Films where characters are presented with a moral dilemma usually give rise to thought-provoking conversations. In the 2015 war thriller Eye in the Sky, the decency of the U.S. military is examined when they must decide if they should bomb a group of terrorists if it also means killing a young girl near the targeted site. In 2007’s Gone Baby Gone, the question posed at the end of the film is whether the wellbeing of a child should be risked in favor of a neglectful mother’s rights.
The complicated, life-altering situations continue in The Children Act, a polarizing and ultimately erratic drama starring two-time Academy Award-winning actress Emma Thompson (Sense and Sensibility) as an English judge assessing a controversial case. Although Thompson is a gem, The Children Act minimizes its most interesting courtroom narrative with insignificant storylines during the first half before transforming into an entirely different — and less absorbing — picture in the second.
Thompson stars as Fiona Maye, a High Court justice living in London with her American professor husband Jack (Stanley Tucci), who confesses to her that he has become dissatisfied with their passionless marriage. Besides placing added stress on Fiona, who is obviously a workaholic, the revelation doesn’t add much to the screenplay adapted by Ian McEwan (On Chesil Beach) from his own 2014 novel of the same name. Still, McEwan and director Richard Eyre (Notes on a Scandal) milk the relationship problems for all they’re worth, which hurts the impact of the film’s main moral issue.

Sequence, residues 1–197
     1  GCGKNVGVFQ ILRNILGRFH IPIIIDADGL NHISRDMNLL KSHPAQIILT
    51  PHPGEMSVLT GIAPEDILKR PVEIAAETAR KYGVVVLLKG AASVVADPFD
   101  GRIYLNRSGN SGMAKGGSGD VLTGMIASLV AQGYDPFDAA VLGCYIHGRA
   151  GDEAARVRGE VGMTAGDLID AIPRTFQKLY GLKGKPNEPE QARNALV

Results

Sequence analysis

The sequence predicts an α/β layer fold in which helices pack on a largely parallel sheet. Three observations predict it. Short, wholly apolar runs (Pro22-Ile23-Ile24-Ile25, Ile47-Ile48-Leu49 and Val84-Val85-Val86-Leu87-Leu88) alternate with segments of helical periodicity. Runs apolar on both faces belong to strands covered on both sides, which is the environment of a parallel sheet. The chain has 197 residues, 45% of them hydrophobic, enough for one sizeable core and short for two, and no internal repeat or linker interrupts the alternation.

The case that comes across Fiona’s desk is of Adam Henry (Fionn Whitehead), a devout 17-year-old Jehovah’s Witness and leukemia patient who sites his religious beliefs and refuses a life-saving blood transfusion. Despite having little time to weigh the circumstances fully (Adam will die soon without the procedure), Fiona makes an unprecedented move and chooses to meet Adam at the hospital before she makes a final ruling.
Until the encounter takes place, The Children Act, named after a law in the United Kingdom that requires the protection of a child’s welfare, is a well-developed and smart story in spite of the overplayed and hollow marital spat. Where the film comes apart is when we step out of the courtroom and into an awkward scenario where Fiona’s personal life collides with her work life in a way she’s never experienced before.
As the pragmatic Fiona, Thompson gives a brilliantly direct performance — one that will probably be overshadowed by showier characters once awards season starts getting serious — and stands out as one of her best since 2013’s Saving Mr. Banks. A major opportunity is missed, however, when the script chooses to take a clumsy route rather than a compelling one when it hits the homestretch.